2. Save money and resources: It costs far more for companies to acquire new customers than it does to sell to an existing one. Brands save money by increasing retention and activating their current customers for repeat purchases.
  3. Increase the number of referrals: Killing two birds with one stone, companies can reward customers for referring friends. This keeps the current customer happy and engaged while the brands gain a new customer at a much lower cost.

Adding a loyalty program into your mobile app will help you acquire valuable data about your customers’ experience. Engaging with rewards members via mobile will help inform your product roadmap. A better understanding how they use your app and consistently gathering feedback will help you continuously iterate and improve your CX. In asking for feedback from loyalty members at the right time and place, you’re showing them that you care about their opinion and give them a platform for their voice to be heard. Since reward members tend to spend more, it’s critical to foster the relationships with this select group of customers. Customer feedback is key to doing this effectively.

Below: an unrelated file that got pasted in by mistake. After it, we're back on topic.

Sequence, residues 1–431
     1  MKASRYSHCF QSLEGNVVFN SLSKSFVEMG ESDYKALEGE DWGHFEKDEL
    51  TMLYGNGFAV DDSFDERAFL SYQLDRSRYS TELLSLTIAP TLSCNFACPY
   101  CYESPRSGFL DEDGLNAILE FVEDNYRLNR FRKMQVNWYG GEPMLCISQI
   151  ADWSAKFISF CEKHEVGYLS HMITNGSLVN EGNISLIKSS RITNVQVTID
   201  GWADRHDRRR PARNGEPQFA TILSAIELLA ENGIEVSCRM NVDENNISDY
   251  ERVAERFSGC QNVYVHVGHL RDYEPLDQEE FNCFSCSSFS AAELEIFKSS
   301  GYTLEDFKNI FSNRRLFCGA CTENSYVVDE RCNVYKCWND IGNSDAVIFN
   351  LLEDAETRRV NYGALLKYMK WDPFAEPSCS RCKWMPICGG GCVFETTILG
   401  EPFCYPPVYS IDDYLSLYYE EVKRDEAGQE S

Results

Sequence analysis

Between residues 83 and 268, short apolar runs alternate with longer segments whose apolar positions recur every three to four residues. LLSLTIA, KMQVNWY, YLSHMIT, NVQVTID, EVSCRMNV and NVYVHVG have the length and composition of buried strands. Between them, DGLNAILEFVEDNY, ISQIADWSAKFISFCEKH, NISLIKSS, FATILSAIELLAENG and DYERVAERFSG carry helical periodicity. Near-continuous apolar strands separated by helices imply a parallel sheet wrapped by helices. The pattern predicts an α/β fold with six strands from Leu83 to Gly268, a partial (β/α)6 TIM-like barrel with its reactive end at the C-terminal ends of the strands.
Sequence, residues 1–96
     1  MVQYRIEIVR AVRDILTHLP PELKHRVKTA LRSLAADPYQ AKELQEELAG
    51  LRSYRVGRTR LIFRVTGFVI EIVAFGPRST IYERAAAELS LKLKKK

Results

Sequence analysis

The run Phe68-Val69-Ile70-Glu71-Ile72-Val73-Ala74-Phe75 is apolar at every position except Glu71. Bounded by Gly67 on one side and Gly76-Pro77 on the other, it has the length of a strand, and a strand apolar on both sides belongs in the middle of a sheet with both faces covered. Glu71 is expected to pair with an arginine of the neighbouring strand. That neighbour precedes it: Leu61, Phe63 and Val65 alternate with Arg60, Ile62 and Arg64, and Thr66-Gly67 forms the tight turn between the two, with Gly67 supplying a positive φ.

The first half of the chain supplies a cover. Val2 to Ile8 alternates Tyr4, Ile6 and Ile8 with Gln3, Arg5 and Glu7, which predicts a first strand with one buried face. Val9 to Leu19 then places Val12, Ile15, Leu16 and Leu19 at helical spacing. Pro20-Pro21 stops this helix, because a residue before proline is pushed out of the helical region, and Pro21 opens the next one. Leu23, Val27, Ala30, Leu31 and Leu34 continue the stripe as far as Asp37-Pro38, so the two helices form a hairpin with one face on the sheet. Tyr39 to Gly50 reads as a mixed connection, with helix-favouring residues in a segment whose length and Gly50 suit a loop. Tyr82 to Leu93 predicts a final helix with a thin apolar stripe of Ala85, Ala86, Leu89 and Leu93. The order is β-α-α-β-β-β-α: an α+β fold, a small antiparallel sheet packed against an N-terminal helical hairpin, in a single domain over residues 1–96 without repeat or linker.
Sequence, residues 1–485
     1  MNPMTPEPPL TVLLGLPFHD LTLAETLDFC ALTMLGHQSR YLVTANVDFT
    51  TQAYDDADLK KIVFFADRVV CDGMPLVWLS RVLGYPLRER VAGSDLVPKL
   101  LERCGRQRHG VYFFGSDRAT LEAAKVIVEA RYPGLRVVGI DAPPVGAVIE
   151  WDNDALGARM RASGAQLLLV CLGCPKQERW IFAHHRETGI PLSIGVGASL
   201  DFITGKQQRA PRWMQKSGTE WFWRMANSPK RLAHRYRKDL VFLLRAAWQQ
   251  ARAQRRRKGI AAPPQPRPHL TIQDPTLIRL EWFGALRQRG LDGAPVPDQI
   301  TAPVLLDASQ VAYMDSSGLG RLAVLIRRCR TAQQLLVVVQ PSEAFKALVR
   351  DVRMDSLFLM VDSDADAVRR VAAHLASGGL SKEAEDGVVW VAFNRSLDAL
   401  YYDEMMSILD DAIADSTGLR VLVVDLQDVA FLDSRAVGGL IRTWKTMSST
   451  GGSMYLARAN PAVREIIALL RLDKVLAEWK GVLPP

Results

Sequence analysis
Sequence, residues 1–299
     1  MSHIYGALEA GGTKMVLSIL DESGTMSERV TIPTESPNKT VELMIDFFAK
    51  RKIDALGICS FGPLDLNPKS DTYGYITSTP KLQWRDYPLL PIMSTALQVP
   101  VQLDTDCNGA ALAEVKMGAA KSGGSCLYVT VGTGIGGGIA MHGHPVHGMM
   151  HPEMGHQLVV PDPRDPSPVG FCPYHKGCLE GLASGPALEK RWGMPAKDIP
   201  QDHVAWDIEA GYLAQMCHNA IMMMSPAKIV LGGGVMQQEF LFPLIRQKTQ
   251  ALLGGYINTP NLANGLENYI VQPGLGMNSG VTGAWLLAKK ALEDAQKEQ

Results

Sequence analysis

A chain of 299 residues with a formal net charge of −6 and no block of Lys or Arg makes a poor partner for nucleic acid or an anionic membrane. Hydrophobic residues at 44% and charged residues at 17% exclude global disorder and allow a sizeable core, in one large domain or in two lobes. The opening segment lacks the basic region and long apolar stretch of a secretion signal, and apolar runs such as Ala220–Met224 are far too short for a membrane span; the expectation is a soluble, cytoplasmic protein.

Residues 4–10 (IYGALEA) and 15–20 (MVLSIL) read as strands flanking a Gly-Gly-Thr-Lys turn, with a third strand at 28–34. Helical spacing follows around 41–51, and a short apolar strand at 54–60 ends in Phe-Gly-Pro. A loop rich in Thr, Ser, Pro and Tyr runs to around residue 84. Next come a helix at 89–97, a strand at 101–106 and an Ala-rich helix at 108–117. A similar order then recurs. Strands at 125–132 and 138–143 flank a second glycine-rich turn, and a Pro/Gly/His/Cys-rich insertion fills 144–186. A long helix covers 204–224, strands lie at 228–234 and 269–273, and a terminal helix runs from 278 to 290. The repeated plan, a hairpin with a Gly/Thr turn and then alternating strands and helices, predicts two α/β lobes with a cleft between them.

Starbucks rewards app loyalty program
Perhaps the most important reason brands should incorporate their rewards program into their mobile app is the ability to collect valuable customer analytics. By encouraging a larger chunk of customers to engage with your mobile app, you’ll be able to track and understand their experience better. You’ll be one step closer to unlocking the CX data from the 99 percent of customers you’re not currently hearing from. Once they’re active within your app, you can begin gathering feedback that will help inform your mobile marketing strategy and product roadmap.